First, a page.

Next, I visited the Center for Immigration Studies in Washington. The CIS supports reduced legal immigration and tougher border security. The lobby is decorated with executive director Mark Krikorian’s collection of kitsch renderings of the Statue of Liberty — Barbie, Mickey Mouse, Donald Duck, covers of the New Yorker and the Saturday Evening Post, Eddie Murphy in the movie poster for “Coming to America,” even a vintage Peace Corps recruiting poster that says: “Make America a better place. Leave the Country.”

The CIS has testified before Congress 100 times and publishes studies purporting to show the burden of immigration. The center supports a policy “that admits fewer people but does a better job of welcoming and incorporating those people,” Krikorian said. Among the factors that got CIS added to the SPLC’s hate list: the center’s habit of circulating links to articles from arguably noxious sources in its regular email roundup. Also, a series of harsh-sounding quotes about immigrants by Krikorian and some of his colleagues.

Krikorian indulged my desire to go deep into the SPLC’s 14-page hate dossier. The SPLC (with research help from the civil rights group Center for New Community) found that in 450 emails over 10 years, the CIS circulated 2,012 pieces from what the SPLC deems white nationalist websites. The total includes more than 1,700 from, an anti-immigration site that promotes white-identity politics. Popular article tags on Vdare include “minority occupation government,” “anti-white hate crimes,” “immigrant mass murder” and “white guy loses his job.”


The dossier leaves unclear how many of the 2,012 articles themselves were hateful, as opposed to having been published on platforms that the SPLC deems hateful. It offers only a handful of examples of the actual articles, and Krikorian maintains that most were legitimate immigration commentary. “The point is to cast a wide net,” he said. “There’s all kinds of stuff on Vdare that I have problems with. … But you know it is one of the main sources of commentary on immigration, and I’d be doing a disservice to readers not including immigration-related stuff that appears at Vdare.”

Beirich countered that readers who clicked on the links still found themselves on hateful websites, and the center’s aggregation helps legitimize those sites. Moreover, according to the SPLC, dozens of the pieces the CIS circulated were by authors whose work elsewhere is hateful.

“Providing links to immigration articles written by people who in other venues wrote things on other topics that are objectionable, and that I myself almost certainly would object to — so what?” Krikorian says. “You’ve got to admire the Inspector Javert-like obsession to go through hundreds of these links and find out who the author was and then Google the author and see what he — I mean it’s just, get a life, people!”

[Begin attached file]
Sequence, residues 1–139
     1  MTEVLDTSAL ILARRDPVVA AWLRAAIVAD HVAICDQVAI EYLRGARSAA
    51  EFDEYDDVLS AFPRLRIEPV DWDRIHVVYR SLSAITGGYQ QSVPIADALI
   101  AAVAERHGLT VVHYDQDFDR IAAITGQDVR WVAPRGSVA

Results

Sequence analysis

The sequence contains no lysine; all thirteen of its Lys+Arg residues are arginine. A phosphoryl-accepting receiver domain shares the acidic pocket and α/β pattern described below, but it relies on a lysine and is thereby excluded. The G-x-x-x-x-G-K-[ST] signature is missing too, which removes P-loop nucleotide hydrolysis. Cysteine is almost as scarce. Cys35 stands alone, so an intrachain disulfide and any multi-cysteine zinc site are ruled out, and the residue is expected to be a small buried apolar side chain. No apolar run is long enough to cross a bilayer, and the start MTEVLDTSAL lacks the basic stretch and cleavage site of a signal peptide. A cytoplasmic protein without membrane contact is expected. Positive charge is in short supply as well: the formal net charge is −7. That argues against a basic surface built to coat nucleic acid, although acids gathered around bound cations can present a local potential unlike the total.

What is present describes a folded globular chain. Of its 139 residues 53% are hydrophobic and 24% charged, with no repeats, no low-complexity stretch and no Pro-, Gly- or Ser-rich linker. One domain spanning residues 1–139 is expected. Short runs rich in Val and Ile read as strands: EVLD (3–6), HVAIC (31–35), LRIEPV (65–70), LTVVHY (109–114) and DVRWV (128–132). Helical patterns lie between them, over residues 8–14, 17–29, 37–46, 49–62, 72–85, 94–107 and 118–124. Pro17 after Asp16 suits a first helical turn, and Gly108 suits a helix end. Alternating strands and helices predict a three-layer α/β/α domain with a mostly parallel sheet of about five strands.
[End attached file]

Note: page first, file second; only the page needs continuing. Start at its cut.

I read to Krikorian excerpts of pieces that the SPLC does cite. He owned up to some mistakes, {snip},

“When you cast the net wide you’re going to catch some crap along with the fish,” Krikorian said. “I’m happy to disavow that article, but we don’t avow anything we’re distributing anyway.”

Turning to his group’s eyebrow-raising quotes the SPLC had culled, Krikorian knew which one I was going to mention first — because he’s been trying to explain it ever since: In 2010, after the Haitian earthquake that killed more than 200,000, he wrote in a six-paragraph blog post on another site: “My guess is that Haiti’s so screwed up because it wasn’t colonized long enough.”


Krikorian told me his point was historical: “Haiti probably has had all the problems it’s had over the past couple hundred years precisely because it succeeded in breaking away from France almost too early. In other words if they had — obviously anybody who’s a slave has the right to rise up at any time you want — if they had failed, at this point France would be shoveling money at them just like they are to their other black slave sugar colonies in the Caribbean, Guadalupe and Martinique.” {snip}

Next, from the dossier, Krikorian in 2015: “The diminution of sovereignty engineered by the EU is bad enough for some share of the population, but many more will object to extinguishing their national existence a la ‘Camp of the Saints.’ ” {snip}

“Like the book or don’t like the book” — Krikorian said he could only get through a few pages — “the concept is real,” he told me. “When immigrants from poor countries come up and basically present a potential threat to the integrity of prosperous modern societies … it’s not just economic because that’s not what people are reacting to. They’re reacting to a kind of cultural assertion that the host societies are reluctant to push back against.”